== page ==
Dear Ms. Allison: How can 4 siblings get a copy of our deceased father’s will after leaving everything to his 2nd wife who just died? An adult sibling by his 2nd wife is the executor of their estate. The first 4 siblings are no blood relation to his 2nd wife and were not adopted by her. They resided in the state of Oklahoma. It is our understanding that after his 2nd wife’s passing, his estate would be divided equally among the 5 siblings left alive. However, we have no idea how his remaining estate was to be divided. Unless stated in our father’s will, are the first four siblings by his first marriage entitled to any part of his estate or does everything go to his sibling by his 2nd marriage? Name Withheld, concerning Oklahoma heirs

Dear Name Withheld:

I am so sorry for your loss. Unless you can prove there was a contractual agreement with your father (i.e. a prenup), the second wife can leave her property (what he left her) to whomever she pleases. You are not related to her in a way that would entitle you to notice of her probate unless you are named in the Will to inherit something. If the second wife’s Will is probated, you will be able to get a copy of it by going to the courthouse and paying for that copy. However, depending on the county, you may be able to get a copy online at the Oklahoma Supreme Court Network, OSCN.net.

Unwittingly disinheriting children is the classic horror story of a blended family. With a general estate plan and no prior, specific instruction in those arrangements, which children inherit depends on who dies first. There is likely nothing you can do.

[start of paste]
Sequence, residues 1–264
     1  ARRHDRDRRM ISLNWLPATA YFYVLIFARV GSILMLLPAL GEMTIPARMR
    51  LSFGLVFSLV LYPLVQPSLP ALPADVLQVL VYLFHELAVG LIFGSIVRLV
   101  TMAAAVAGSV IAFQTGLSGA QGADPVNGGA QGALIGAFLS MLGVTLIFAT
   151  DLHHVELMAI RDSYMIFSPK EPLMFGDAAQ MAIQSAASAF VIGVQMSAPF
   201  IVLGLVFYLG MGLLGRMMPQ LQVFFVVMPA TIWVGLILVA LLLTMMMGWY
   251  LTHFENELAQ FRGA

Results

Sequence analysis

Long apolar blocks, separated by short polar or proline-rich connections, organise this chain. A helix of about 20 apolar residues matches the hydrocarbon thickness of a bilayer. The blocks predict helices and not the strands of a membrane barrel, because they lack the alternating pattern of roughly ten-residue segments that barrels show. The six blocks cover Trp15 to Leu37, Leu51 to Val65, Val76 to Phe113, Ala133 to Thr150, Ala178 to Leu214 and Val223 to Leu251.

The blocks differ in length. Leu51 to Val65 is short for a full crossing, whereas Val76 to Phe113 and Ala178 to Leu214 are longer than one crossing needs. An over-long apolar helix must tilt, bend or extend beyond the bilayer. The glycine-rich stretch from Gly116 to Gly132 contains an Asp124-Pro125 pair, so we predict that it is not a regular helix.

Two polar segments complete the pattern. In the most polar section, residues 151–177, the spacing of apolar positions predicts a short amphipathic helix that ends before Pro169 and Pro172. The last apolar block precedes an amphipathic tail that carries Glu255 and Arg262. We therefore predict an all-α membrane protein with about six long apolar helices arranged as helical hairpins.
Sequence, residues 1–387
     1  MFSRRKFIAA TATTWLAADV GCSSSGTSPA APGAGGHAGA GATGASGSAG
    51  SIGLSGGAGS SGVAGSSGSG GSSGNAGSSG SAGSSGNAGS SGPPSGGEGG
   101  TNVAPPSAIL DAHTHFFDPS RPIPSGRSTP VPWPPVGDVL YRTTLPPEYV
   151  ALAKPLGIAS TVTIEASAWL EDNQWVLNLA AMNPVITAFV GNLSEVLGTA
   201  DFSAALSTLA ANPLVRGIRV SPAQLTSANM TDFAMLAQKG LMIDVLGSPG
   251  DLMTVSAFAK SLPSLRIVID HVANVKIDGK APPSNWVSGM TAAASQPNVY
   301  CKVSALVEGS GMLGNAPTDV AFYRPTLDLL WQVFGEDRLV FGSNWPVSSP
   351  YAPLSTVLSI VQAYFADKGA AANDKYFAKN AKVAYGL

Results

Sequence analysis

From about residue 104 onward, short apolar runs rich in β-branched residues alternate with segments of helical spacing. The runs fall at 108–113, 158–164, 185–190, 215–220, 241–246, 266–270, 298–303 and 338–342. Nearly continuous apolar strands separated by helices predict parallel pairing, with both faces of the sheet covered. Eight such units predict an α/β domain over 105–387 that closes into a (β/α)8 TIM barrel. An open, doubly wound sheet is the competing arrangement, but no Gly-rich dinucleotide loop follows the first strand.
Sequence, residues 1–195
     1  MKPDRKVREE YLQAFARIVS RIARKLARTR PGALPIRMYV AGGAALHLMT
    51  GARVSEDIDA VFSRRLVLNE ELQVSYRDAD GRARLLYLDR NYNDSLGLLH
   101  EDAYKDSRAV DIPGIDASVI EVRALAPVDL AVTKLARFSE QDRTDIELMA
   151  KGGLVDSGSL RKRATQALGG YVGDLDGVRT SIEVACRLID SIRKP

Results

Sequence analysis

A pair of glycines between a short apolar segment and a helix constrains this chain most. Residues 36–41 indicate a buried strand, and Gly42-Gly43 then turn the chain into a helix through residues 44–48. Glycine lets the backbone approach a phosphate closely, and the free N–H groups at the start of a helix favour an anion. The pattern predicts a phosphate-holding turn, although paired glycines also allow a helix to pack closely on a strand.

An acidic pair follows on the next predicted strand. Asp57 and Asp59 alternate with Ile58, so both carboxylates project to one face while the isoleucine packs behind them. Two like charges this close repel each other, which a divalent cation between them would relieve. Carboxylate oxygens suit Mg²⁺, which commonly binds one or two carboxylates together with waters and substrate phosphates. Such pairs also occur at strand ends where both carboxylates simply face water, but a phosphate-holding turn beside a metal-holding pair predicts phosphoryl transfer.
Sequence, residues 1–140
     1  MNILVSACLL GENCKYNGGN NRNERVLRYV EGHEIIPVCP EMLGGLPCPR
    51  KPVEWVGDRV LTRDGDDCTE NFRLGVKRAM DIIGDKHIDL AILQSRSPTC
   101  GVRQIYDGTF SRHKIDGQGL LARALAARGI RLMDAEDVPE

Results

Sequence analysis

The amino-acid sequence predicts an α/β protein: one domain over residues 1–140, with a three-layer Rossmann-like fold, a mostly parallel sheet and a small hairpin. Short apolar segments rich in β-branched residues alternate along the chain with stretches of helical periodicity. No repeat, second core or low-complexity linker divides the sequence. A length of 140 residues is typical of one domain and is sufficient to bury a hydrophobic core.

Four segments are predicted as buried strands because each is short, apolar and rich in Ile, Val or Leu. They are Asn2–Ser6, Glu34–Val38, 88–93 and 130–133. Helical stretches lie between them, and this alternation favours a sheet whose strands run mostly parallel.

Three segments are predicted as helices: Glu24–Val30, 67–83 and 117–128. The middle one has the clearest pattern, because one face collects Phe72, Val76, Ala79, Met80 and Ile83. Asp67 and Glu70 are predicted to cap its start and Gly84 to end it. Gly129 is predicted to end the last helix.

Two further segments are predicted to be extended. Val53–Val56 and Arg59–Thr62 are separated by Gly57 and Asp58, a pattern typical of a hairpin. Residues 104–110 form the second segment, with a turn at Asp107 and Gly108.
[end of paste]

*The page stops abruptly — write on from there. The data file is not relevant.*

There are ways to avoid this in the future, such as by:

  • Leaving the estate in trust for life to the surviving spouse and then to all the children. Or
  • Investing in life insurance and leaving all the children a significant share in your Beneficiary Designation.

Regardless, most married couples do not opt to pay for the extra cost of estate planning or otherwise insuring that the children’s inheritance takes place.

Your situation is usually an unintentional problem, but with drastic consequences. It often seems to be more about avoiding the legal fees to make the inheritance choices permanent than about considering what will happen to the heirs.

Because of that, I believe strongly that the children of either or both marriages should offer to pay for the estate plan or life insurance or whatever method is chosen to insure that they are not casually disinherited. If the parents object, children can always say that you’d rather pay now than later.

Take a lesson from this, especially if you are part of a blended family. Hire an experienced estate planning lawyer to draw up an estate plan that fits your family situation. All estate plans should be updated whenever there is a major life change, such as a large purchase or sale, a new child, a divorce or remarriage. Also, A Will is not necessarily the best estate plan for everyone. Don’t just go to your lawyer and ask for a Will. Go to an estate-focused attorney with many years of experience and ask what is the best plan for your particular situation and goals. If crafting a plan fair for blended siblings is going to cause hard feelings, you can engage an estate and elder mediator to help you make agreeable settlement decisions.

That’s your question, Asked and Answered. My best to you,

Gale Allison

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